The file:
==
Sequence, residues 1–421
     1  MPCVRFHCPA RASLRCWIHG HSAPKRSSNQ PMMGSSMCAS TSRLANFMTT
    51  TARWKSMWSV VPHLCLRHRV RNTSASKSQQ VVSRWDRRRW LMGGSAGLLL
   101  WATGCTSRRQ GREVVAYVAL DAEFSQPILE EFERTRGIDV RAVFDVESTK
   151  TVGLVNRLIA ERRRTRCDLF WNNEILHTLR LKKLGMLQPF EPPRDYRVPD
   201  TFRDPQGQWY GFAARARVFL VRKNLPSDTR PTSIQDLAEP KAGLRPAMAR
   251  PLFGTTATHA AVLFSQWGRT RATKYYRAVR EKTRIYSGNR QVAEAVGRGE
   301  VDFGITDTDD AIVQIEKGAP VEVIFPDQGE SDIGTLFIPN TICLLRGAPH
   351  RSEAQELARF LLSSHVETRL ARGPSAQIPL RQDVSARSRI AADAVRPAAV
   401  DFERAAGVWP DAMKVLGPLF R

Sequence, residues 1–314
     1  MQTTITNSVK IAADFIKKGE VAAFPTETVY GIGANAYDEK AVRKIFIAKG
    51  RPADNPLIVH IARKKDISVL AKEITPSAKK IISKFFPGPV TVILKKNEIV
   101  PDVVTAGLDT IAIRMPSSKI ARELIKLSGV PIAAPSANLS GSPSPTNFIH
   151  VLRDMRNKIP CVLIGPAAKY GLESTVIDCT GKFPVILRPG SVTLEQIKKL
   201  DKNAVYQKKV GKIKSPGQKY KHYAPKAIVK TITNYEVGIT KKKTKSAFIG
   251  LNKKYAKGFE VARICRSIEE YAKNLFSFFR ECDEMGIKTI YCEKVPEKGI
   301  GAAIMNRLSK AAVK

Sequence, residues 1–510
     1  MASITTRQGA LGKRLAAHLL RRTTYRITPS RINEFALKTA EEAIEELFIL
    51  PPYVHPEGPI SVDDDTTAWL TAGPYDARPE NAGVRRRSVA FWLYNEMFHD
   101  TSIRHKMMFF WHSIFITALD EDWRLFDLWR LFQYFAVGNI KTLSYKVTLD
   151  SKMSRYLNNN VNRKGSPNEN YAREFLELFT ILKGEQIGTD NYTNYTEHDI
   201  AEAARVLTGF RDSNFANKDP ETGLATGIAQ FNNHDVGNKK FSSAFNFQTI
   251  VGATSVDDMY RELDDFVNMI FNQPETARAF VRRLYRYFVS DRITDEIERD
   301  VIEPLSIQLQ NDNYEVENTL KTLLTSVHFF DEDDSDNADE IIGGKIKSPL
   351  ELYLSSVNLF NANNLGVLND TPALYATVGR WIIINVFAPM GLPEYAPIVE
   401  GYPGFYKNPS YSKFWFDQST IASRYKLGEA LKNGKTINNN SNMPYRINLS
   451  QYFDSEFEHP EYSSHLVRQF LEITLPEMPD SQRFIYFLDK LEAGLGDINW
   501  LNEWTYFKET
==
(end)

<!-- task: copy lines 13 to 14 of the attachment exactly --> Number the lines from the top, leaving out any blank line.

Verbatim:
    51  RPADNPLIVH IARKKDISVL AKEITPSAKK IISKFFPGPV TVILKKNEIV
   101  PDVVTAGLDT IAIRMPSSKI ARELIKLSGV PIAAPSANLS GSPSPTNFIH